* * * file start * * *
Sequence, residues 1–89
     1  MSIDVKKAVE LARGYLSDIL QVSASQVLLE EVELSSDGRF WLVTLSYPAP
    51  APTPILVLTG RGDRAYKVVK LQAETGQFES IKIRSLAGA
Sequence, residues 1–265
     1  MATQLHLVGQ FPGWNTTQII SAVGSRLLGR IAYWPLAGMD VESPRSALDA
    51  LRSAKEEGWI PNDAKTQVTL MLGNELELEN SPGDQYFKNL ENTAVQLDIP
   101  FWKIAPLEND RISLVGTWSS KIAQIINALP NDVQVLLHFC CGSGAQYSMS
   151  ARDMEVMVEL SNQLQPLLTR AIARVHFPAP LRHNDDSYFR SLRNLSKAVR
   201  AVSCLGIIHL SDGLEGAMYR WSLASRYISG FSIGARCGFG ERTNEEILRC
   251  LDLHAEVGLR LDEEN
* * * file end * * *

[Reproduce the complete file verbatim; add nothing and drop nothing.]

Sequence, residues 1–89
     1  MSIDVKKAVE LARGYLSDIL QVSASQVLLE EVELSSDGRF WLVTLSYPAP
    51  APTPILVLTG RGDRAYKVVK LQAETGQFES IKIRSLAGA
Sequence, residues 1–265
     1  MATQLHLVGQ FPGWNTTQII SAVGSRLLGR IAYWPLAGMD VESPRSALDA
    51  LRSAKEEGWI PNDAKTQVTL MLGNELELEN SPGDQYFKNL ENTAVQLDIP
   101  FWKIAPLEND RISLVGTWSS KIAQIINALP NDVQVLLHFC CGSGAQYSMS
   151  ARDMEVMVEL SNQLQPLLTR AIARVHFPAP LRHNDDSYFR SLRNLSKAVR
   201  AVSCLGIIHL SDGLEGAMYR WSLASRYISG FSIGARCGFG ERTNEEILRC
   251  LDLHAEVGLR LDEEN